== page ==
What is ironic in the most wonderful way is that my dad is standing on the shoulders of another man in our family.  My great-grandfather, Gilbert F. Gibbs, worked with T.H. Burton to establish the “first congregation of present churches of Christ in South Carolina” and “directly or indirectly had part in most now there” (from a tract published about him in Lawrenceburg, TN, in 1970).  A 1918 graduate of David Lipscomb, Grandpa Gibbs went to Union, South Carolina, with brother Burton to establish the work there.  In 1921, they went and held a tent meeting in Greenville and planted the church there.  In both cases, Christians converted in other places moved to South Carolina and found that the church was not in existence in their communities.  Grandpa Gibbs did local work in Tennessee and Indiana and did foreign missions in Canada, Puerto Rico, St. Croix and on the continents of Europe, Asia, and Africa.  But perhaps his greatest evangelistic legacy may have been in the Carolinas throughout most of the 1920s.

We don’t think of the Carolinas as a mission field, but it is certainly not part of the Bible belt as we think of it.  The need continues to be great to evangelize and edify the church of this part of the world.  I can think of no one more capable than my dad.  We do not have very many wealthy or famous relatives, but I could not want a better family legacy than I have.  Please pray for “Carolina Outreach” and help if you can!

A Beautiful Tribute

Neal Pollard

Kathy and I attended the funeral of Mildred (Millie) King, Larry’s mom and relative to several Bear Valley members, this morning at the Loveland church of Christ.  Ron Lauterbach, the local preacher there, delivered a fine tribute to the godliness of this woman.  So many kind things were said by Ron as well as family members about her faithful Christian life.  It was all very inspiring.  However, the crowning moment of the service was her widower’s words in her honor.  Ron saved these words for last, and they were touching.  He spoke of his “sweetheart” of 62 years, reflecting on how she put Jesus Christ before anything and anyone else.  Then, he spoke about what a devoted mother and wife she was throughout these many decades.  It was touching to hear about this wife who dedicated her life to raising faithful children and standing faithfully behind and beside her man.  When the service was over, Kathy whispered to me, “I don’t know her, but I want to be just like her.”

Is there any better tribute that can be paid than a life lived well?  She served at times as a preacher’s wife, but mostly a school teacher’s wife.  She made many a meal and sent many a card to others.  Her service was very well attended, especially for a late Thursday morning.  All of this honored her, but nothing more than the ones closest to her lavishing such praise about her spiritual maturity and service.  And the one closest to her of all people, Leland King, spoke most tenderly, fondly, and cherishingly.  No praise outshines the genuine admiration and affection of one’s spouse, the person with the most intimate knowledge of that one.  This kind of legacy lives on, even after that one dies (cf. Heb. 11:4b).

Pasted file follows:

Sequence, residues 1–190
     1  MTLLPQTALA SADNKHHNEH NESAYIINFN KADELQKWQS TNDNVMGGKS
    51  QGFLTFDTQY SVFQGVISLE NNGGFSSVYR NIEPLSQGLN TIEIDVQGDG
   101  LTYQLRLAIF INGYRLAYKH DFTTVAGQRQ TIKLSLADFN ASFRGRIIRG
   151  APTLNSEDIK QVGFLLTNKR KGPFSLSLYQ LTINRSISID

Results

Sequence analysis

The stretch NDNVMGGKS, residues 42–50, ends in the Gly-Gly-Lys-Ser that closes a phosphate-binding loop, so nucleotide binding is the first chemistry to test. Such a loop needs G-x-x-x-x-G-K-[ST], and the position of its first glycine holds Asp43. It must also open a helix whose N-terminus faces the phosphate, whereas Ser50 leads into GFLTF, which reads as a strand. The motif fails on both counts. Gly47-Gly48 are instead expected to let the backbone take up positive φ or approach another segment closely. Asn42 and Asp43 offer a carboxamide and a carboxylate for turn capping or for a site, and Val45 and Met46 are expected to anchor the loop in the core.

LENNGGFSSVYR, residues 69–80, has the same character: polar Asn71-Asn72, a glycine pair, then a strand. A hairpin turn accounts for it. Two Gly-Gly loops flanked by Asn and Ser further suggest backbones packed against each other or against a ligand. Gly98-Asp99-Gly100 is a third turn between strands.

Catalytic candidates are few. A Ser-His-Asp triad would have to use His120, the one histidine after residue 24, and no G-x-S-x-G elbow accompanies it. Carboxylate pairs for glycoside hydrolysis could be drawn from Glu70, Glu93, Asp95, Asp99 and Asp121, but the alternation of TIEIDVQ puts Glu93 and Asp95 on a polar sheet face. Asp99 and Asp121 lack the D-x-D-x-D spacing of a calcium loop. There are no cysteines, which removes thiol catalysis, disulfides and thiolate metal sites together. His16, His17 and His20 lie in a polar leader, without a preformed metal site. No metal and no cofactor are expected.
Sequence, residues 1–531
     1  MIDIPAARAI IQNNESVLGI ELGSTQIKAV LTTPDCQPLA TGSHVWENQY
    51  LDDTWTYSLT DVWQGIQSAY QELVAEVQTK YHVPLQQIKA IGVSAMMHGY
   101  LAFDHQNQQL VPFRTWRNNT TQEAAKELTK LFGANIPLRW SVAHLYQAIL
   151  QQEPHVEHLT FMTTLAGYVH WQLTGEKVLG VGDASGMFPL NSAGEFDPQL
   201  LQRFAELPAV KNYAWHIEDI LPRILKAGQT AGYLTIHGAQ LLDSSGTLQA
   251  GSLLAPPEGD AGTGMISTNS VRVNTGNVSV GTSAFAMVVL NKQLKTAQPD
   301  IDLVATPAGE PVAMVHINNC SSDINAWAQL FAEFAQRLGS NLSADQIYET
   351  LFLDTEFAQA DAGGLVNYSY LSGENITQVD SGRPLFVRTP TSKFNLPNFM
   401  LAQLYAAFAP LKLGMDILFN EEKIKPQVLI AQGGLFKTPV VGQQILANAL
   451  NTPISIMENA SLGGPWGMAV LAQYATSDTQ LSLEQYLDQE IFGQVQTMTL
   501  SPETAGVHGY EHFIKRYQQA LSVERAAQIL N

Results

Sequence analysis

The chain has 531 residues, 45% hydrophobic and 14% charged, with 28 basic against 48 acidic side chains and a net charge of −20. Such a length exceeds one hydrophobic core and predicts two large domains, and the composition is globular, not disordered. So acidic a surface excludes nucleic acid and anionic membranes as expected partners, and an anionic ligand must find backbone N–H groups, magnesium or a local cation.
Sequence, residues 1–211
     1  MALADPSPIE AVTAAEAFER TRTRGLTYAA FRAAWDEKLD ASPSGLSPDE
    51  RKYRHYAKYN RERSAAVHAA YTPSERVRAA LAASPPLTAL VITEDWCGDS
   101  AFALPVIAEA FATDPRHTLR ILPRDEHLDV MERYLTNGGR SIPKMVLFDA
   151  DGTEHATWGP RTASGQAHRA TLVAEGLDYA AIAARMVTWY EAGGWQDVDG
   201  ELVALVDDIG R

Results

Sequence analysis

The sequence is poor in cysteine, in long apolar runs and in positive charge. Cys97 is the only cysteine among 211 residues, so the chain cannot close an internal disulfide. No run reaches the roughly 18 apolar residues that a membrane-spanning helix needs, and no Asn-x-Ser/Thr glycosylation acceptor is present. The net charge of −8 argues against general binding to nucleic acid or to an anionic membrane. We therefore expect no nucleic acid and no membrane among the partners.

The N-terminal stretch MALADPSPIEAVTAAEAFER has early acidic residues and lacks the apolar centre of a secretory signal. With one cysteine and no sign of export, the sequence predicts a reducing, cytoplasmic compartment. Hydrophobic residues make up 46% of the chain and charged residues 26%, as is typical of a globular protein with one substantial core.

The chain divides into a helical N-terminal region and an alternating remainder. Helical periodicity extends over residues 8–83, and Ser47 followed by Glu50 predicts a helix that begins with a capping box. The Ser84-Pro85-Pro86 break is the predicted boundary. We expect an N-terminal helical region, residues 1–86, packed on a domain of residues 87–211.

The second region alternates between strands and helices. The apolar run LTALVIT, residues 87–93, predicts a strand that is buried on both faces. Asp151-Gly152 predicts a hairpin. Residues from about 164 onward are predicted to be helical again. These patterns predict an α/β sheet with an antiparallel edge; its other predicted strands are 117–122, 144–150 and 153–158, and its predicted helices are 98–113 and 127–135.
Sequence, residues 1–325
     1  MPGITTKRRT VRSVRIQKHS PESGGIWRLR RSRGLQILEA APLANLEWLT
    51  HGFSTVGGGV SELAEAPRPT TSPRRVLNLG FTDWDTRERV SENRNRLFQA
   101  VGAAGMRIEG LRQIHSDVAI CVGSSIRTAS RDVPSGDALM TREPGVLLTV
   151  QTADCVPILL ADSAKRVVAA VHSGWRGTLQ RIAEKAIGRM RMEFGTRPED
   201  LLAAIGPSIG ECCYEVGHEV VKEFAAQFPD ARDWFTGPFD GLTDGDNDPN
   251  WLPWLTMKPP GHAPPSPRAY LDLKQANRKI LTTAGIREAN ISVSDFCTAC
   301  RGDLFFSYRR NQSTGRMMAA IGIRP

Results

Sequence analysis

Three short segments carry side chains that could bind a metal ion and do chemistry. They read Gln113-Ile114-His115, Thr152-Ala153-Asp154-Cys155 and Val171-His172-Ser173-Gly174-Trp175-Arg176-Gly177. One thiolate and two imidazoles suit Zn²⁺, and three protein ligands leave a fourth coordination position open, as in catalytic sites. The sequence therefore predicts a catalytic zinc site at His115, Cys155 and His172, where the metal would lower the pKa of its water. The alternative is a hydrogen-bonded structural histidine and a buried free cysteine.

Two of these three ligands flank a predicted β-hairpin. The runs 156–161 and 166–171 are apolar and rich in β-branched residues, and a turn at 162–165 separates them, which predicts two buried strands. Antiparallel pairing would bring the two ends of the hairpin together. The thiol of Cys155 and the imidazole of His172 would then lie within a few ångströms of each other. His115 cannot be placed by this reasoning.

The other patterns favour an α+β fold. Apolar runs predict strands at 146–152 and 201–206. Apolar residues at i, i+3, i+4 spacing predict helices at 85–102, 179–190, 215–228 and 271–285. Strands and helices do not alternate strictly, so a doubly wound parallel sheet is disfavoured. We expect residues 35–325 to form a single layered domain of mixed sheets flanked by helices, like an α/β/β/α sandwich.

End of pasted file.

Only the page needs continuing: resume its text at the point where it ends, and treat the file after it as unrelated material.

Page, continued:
A PLEA TO THE OLDER AND YOUNGER GENERATIONS

Neal Pollard

I am at a unique crossroads at which I cannot hope to long remain.  Currently, I am young enough to exercise vigorously, play sports, appreciate indie music,  vaguely cope with technology and its changes, and not feel old.  Yet, I am old enough now to have seen all my children reach the teen years, accumulate some life’s experience, and deepen my appreciation for the living history and wisdom that is our senior citizens.  Subtly, but surely, I will loosen my grip on youth and embrace old age.

As a 43-year-old, I still am able to hold hands with both sides.  No generation is perfect, nor does any have the clear advantage over the others. There are things all of us should keep in mind, no matter our age.

To our older Christians, may we appreciate that our youth and young adults need so much more than a constant diet of teaching and preaching on sexual and moral sins.  They need a larger diet of Christian evidences, how we got the Bible, and similar subjects in a post-faith world that is increasingly hostile to biblical principles. They deserve as many textual and deeper studies as anyone else. May we further appreciate our need to meet the younger people of our churches with technological savvy, newer (though scriptural) songs, and an empathetic view of the challenges they face in the culture. They need us to believe in them, listen to them, and go to bat for them.  May we view them as “innocent until proven guilty,” hoping the best for them.  May we value them, empower them, and use them in meaningful service in the Kingdom today!

To our younger Christians, may we appreciate that the church is comprised of more than those 30 and younger. There may be some things that are lawful but are not expedient. The fact that you are a part of your culture does not mean you should not strive to rise above it, excel, and be an example to it.  That even should impact how you dress for worship (not meaning coat and tie, but meaning doing better than ratty shirts, “holey” jeans, and flops).  Remember that the church has more than one generation in it, and the servant-hearted does not insist on his or her “rights” or liberties but rather strives to serve through love. Wisdom should propel you to “rise up before the gray-headed and honor the aged” (Lev. 19:32).  As was said of Lot’s wife, so we do well to “remember Rehoboam” who listened to his peers instead of his elders (1 Ki. 12:8).  Beware the temptation to hold the “older generation” in contempt and disrespect the greater wisdom that usually accompanies the accumulation of years.

We all truly need each other, now more than ever!  There must be empathy for everyone else, a love that seeks the best for others. Let us look through each other’s eyes as best as we can and so “preserve the unity of the Spirit in the bond of peace” (cf. Eph. 4:3).